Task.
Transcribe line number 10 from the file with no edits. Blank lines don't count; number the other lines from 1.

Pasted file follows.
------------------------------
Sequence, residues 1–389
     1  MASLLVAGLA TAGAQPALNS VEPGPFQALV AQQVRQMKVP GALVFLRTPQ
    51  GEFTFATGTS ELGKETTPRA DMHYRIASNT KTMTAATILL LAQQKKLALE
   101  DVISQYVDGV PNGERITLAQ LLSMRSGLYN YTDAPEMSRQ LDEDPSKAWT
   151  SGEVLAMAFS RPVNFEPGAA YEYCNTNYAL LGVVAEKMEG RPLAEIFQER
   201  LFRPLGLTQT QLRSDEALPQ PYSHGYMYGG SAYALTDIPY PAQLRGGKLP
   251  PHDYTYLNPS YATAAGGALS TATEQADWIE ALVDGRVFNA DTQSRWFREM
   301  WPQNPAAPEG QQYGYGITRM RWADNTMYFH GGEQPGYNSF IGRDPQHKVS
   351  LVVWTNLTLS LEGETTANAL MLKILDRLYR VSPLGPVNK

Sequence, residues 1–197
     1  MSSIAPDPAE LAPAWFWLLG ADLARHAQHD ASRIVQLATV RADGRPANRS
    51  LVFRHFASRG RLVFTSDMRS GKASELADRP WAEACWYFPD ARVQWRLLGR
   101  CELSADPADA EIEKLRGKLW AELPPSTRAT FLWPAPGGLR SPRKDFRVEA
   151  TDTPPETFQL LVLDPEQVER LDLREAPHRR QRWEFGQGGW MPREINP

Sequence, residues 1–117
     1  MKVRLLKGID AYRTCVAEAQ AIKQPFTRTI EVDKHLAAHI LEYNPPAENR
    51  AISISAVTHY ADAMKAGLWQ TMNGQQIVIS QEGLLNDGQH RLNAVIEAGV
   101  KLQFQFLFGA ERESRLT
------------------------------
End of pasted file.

Sequence, residues 1–197